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No spark 3.4

Discussion in 'New Members' started by Plugg, Jul 16, 2010.

  1. Jul 16, 2010 at 2:37 PM
    #1
    Plugg

    Plugg [OP] Member

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    I have a 97 Tacoma and did a motor swap (both 3.4) and now i have no spark after doing the change. The truck ran fine before...i checked for voltage at the coil packs (key on) and nothing there. I have went over all the conesctors and everything looks good. Motor turns over fine but nothing. Where to from here
     
  2. Jul 16, 2010 at 2:42 PM
    #2
    chris4x4

    chris4x4 With sufficient thrust, pigs fly just fine. Moderator

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    FlimFlubberJAM
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    4.10 gears, sliders, and lots of buttons.
    Welcome to TW!

    Have you checked the crank shaft position sensor?
     
  3. Jul 16, 2010 at 2:43 PM
    #3
    Plugg

    Plugg [OP] Member

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    Yes changed it out with a spare,,,
     
  4. Jul 16, 2010 at 2:49 PM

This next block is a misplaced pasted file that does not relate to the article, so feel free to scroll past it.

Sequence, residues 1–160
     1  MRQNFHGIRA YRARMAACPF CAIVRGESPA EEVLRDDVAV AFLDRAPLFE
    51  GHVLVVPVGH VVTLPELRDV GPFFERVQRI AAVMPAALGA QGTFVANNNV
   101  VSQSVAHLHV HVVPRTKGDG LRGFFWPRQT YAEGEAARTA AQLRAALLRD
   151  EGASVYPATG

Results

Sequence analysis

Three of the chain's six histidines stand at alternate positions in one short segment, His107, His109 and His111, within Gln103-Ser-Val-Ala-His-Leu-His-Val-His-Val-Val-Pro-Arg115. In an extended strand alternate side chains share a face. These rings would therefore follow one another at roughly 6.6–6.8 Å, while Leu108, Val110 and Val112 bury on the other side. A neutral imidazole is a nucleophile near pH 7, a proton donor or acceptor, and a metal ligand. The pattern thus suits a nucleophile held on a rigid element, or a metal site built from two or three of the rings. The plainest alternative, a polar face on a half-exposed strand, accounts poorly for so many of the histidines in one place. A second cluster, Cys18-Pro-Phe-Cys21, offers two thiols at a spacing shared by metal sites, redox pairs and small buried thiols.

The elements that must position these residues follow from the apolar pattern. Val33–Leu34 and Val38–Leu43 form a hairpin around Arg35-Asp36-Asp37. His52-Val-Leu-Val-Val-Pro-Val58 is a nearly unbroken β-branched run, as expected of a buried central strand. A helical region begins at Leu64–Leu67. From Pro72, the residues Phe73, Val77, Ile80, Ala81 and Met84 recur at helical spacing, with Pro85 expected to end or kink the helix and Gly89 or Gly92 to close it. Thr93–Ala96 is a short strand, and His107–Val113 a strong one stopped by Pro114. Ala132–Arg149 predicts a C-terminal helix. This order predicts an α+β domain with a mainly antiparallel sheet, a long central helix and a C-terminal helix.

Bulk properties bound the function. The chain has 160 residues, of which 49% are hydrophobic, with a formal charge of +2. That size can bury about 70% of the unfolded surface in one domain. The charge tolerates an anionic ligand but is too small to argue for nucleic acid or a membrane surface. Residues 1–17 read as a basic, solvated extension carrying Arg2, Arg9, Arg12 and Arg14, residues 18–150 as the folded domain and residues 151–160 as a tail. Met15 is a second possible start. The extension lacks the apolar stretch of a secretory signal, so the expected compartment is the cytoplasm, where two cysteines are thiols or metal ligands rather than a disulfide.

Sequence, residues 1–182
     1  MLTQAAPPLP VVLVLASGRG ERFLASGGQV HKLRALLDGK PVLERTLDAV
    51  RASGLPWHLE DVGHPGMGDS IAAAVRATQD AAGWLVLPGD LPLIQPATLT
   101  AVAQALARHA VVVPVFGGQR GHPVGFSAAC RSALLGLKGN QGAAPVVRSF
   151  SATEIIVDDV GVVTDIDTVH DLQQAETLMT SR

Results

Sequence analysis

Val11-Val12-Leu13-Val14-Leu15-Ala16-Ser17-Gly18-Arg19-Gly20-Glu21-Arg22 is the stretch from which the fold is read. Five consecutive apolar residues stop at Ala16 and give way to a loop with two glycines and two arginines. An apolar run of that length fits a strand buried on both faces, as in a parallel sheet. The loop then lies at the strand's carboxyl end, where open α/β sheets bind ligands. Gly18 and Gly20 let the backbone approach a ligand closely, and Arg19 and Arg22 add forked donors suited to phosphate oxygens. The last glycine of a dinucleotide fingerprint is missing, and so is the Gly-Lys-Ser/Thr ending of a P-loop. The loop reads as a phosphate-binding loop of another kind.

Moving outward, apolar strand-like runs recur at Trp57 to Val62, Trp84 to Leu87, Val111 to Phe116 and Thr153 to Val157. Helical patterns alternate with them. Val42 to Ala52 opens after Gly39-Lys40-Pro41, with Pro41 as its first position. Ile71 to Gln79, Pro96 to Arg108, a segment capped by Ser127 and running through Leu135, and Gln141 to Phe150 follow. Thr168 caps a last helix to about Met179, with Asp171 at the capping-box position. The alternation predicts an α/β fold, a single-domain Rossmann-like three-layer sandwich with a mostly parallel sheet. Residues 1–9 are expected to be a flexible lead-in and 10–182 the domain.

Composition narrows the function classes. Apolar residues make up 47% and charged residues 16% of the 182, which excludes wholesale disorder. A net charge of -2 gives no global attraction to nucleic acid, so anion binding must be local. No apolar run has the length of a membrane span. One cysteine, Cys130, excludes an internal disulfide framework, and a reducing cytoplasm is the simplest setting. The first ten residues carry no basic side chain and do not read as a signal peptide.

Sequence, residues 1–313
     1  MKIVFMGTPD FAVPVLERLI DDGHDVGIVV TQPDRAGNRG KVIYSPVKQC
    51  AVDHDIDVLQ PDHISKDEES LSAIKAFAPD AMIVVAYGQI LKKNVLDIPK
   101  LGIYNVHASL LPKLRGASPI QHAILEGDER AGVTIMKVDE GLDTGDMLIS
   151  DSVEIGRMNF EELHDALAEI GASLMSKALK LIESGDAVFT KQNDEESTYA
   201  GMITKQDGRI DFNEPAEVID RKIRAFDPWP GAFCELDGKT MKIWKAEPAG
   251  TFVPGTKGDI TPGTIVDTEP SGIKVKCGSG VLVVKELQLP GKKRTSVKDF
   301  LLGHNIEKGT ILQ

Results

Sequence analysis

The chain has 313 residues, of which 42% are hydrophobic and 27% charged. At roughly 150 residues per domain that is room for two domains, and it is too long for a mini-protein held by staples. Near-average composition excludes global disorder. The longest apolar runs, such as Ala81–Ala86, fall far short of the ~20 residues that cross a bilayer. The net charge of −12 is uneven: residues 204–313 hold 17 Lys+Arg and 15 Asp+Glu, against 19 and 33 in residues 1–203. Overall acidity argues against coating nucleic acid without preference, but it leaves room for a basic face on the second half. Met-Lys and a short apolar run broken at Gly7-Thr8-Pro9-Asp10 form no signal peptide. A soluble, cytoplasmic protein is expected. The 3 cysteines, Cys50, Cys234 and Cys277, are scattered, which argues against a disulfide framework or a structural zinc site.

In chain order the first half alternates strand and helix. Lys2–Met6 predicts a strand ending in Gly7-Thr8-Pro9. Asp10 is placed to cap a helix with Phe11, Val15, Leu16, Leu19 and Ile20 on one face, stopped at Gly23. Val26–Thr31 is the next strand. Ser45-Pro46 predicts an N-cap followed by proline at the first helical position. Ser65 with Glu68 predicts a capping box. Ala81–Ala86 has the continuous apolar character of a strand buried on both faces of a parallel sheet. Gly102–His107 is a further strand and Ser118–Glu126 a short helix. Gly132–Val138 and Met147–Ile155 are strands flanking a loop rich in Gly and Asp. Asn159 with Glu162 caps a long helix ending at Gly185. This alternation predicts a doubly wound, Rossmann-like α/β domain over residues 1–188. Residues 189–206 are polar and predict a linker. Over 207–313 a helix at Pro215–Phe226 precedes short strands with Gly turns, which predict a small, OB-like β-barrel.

#4
    chris4x4

    chris4x4 With sufficient thrust, pigs fly just fine. Moderator

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    4.10 gears, sliders, and lots of buttons.
    Is your timing correct?
     
  5. Jul 16, 2010 at 2:51 PM
    #5
    Plugg

    Plugg [OP] Member

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    Yes new belt and the works...shouldnt i have some voltage at the connector at the coil packs with the key on?
     
  6. Jul 16, 2010 at 2:53 PM
    #6
    chris4x4

    chris4x4 With sufficient thrust, pigs fly just fine. Moderator

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    2013 Rubicon Unlimited,
    4.10 gears, sliders, and lots of buttons.
    Yes. Check your grpounds.
     
  7. Jul 16, 2010 at 2:58 PM
    #7
    Plugg

    Plugg [OP] Member

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    Checked the grounds and to be on the safe side replaced 1 of them. I only know of 2 one is from back of engine to firewall(replaced) the other is from battery to fender
     
  8. Jul 16, 2010 at 3:01 PM
    #8
    chris4x4

    chris4x4 With sufficient thrust, pigs fly just fine. Moderator

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    2013 Rubicon Unlimited,
    4.10 gears, sliders, and lots of buttons.
    If the engine has no spark, check for voltage at the coil positive terminal when the ignition key is on.
    If there is voltage, the problem is on the trigger side of the coil (pickup, crank sensor, ignition module or primary wiring circuit).
    If there is NO voltage at the coil, the problem is on the supply side (the ignition switch or ignition wiring circuit).
    If the coil has voltage, the problem may be a bad high voltage output wire from the coil to the distributor, hairline cracks in the coil output tower, or cracks or carbon tracks inside the distributor cap or on the rotor.
     
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